|Publication number||USRE40587 E1|
|Application number||US 09/804,430|
|Publication date||Nov 25, 2008|
|Filing date||Aug 10, 2000|
|Priority date||Mar 18, 1994|
|Publication number||09804430, 804430, US RE40587 E1, US RE40587E1, US-E1-RE40587, USRE40587 E1, USRE40587E1|
|Inventors||Graeme C. McKinnon|
|Original Assignee||Schneider (Europe) A.G.|
|Export Citation||BiBTeX, EndNote, RefMan|
|Patent Citations (15), Non-Patent Citations (1), Referenced by (15), Classifications (14), Legal Events (2)|
|External Links: USPTO, USPTO Assignment, Espacenet|
This application is a continuation of application Ser. No. 08/311,700, filed 23 Sep., 1994, now abandoned.
This invention relates to a medical appliance for use in magnetic resonance imaging procedures performed on a body, comprising an antenna detecting magnetic resonance response signals, the antenna intended to be inserted into the body for interacting with a magnetic resonance procedure for calculating the position of the medical appliance in the body.
Tracking of catheters and other devices positioned within a body may be achieved by means of a magnetic resonance imaging system in order to avoid using X-rays and the risk of accumulated X-ray dose to the patient and long term exposure to the attending medical staff.
Typically, such a magnetic resonance imaging system may be comprised of magnet means, pulsed magnetic field gradient generating means, a transmitter for electromagnetic waves in radio-frequency, a radio-frequency receiver, a processor, and a controller. The device to be tracked has attached to its end a small coil of electrically conductive wire. The patient is placed into the magnet means and the device is inserted into the patient. The magnetic resonance imaging system generates electromagnetic waves in radio-frequency and magnetic field gradient pulses that are transmitted into the patient and that induce a resonant response signal from selected nuclear spins within the patient. This response signal induces current in the coil of electrically conductive wire attached to the device. The coil thus detects the nuclear spins in the vicinity of the coil. The radio-frequency receiver receives this detected response signal and processes it and then stores it with the controller. This is repeated in three orthogonal directions. The gradients cause the frequency of the detected signal to be directly proportional to the position of the radio-frequency coil along each applied gradient.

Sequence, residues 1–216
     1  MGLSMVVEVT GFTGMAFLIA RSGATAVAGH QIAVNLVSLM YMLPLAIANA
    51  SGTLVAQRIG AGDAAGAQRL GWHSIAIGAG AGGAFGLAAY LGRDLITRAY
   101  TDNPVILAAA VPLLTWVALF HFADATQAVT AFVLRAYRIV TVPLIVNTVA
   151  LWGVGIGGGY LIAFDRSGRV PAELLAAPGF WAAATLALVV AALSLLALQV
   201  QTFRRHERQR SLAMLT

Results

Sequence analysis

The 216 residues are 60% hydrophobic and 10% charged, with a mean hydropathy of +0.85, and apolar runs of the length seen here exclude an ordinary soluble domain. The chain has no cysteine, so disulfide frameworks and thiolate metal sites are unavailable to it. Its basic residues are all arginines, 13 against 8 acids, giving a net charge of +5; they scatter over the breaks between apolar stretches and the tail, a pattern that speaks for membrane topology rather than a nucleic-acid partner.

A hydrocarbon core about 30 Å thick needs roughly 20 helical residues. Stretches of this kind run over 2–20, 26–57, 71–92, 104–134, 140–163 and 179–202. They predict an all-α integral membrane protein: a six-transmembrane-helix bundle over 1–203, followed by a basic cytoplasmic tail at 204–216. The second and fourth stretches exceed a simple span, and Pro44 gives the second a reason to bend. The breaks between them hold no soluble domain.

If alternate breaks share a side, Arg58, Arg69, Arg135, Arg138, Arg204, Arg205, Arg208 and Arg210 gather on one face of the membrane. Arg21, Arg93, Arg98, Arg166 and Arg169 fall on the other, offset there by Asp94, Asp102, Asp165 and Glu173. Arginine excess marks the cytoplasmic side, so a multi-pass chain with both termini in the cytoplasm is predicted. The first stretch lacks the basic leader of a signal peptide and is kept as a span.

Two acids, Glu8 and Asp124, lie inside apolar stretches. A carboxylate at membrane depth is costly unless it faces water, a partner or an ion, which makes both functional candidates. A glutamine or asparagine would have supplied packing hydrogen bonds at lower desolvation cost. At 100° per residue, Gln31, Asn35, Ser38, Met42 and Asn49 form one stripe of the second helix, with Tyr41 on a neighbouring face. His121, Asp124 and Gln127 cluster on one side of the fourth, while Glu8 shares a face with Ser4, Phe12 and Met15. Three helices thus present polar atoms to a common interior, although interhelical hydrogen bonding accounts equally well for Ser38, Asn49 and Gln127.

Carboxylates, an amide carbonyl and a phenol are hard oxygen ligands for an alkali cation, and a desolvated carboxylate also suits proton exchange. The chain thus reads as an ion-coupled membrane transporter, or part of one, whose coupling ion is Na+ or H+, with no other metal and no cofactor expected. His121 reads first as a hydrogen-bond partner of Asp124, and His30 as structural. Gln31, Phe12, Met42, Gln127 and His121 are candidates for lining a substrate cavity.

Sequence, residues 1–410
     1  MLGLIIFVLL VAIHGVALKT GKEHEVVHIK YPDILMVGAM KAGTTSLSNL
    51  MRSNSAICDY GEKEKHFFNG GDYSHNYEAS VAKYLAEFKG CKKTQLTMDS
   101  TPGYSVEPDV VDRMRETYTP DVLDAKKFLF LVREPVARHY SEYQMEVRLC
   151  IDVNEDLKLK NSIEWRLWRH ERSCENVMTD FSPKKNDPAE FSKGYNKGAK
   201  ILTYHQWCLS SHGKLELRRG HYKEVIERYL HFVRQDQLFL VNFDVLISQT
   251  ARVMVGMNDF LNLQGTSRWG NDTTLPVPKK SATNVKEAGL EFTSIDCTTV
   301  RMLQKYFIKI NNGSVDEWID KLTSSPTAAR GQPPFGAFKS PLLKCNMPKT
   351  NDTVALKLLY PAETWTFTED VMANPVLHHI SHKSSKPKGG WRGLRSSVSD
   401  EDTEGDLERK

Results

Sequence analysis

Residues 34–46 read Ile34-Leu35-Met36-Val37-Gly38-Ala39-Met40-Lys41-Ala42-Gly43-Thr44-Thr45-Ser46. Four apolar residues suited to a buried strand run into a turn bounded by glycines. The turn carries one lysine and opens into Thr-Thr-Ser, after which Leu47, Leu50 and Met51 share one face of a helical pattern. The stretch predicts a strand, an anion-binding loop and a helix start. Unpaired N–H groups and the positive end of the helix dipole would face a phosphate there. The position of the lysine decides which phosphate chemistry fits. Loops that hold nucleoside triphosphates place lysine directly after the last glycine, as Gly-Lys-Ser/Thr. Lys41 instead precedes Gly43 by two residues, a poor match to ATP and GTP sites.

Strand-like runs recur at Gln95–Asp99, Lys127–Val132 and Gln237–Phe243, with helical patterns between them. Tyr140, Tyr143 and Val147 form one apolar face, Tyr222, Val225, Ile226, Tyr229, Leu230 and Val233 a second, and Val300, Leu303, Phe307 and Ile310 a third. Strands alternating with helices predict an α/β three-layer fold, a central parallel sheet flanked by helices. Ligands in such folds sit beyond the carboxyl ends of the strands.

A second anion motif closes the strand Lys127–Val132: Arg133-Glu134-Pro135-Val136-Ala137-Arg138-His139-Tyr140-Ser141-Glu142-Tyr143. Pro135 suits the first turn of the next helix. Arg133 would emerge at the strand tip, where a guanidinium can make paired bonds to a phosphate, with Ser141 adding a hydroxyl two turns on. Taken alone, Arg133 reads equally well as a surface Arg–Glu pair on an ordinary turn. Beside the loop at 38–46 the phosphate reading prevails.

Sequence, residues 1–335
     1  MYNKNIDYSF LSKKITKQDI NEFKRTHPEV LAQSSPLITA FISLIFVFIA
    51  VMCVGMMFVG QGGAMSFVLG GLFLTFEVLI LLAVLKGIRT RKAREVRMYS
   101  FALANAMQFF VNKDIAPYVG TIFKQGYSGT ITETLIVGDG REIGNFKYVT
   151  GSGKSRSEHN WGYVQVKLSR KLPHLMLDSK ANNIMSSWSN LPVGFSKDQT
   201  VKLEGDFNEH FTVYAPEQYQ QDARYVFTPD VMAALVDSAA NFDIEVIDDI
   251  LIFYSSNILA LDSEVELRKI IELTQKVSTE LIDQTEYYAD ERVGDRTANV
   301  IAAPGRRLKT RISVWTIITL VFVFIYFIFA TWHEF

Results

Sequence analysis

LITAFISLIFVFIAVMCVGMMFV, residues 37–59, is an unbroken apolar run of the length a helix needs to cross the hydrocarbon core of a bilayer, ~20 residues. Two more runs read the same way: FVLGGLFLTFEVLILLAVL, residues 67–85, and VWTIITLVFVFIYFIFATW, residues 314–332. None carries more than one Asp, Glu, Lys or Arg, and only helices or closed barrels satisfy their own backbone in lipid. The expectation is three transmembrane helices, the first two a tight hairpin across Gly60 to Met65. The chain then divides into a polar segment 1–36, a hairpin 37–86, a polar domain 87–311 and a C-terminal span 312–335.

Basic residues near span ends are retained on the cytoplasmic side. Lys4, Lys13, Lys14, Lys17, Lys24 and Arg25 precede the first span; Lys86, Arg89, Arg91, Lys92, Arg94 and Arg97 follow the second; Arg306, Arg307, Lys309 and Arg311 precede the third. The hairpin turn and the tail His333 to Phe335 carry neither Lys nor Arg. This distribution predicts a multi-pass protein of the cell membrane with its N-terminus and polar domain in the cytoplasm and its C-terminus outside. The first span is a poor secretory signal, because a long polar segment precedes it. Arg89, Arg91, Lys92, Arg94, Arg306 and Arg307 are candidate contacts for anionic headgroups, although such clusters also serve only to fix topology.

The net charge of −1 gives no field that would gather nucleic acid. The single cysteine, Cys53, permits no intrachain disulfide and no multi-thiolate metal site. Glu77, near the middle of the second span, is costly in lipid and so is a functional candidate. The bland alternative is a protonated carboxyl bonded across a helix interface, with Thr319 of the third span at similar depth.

The position of the radio-frequency coil inside the patient may therefore be calculated by processing the data using Fourier transformations so that a positional picture of the coil is achieved. Since however the coil only reacts, literally not a positional picture of the coil but in fact a positional picture of the position of the response signals inside the patient is achieved. Since this positional picture contains no information yet on the region surrounding the immediate vicinity of the coil, this positional picture can be superposed with a magnetic resonance image of the region of interest. In this case the picture of the region may have been taken and stored at the same occasion as the positional picture or at any earlier occasion.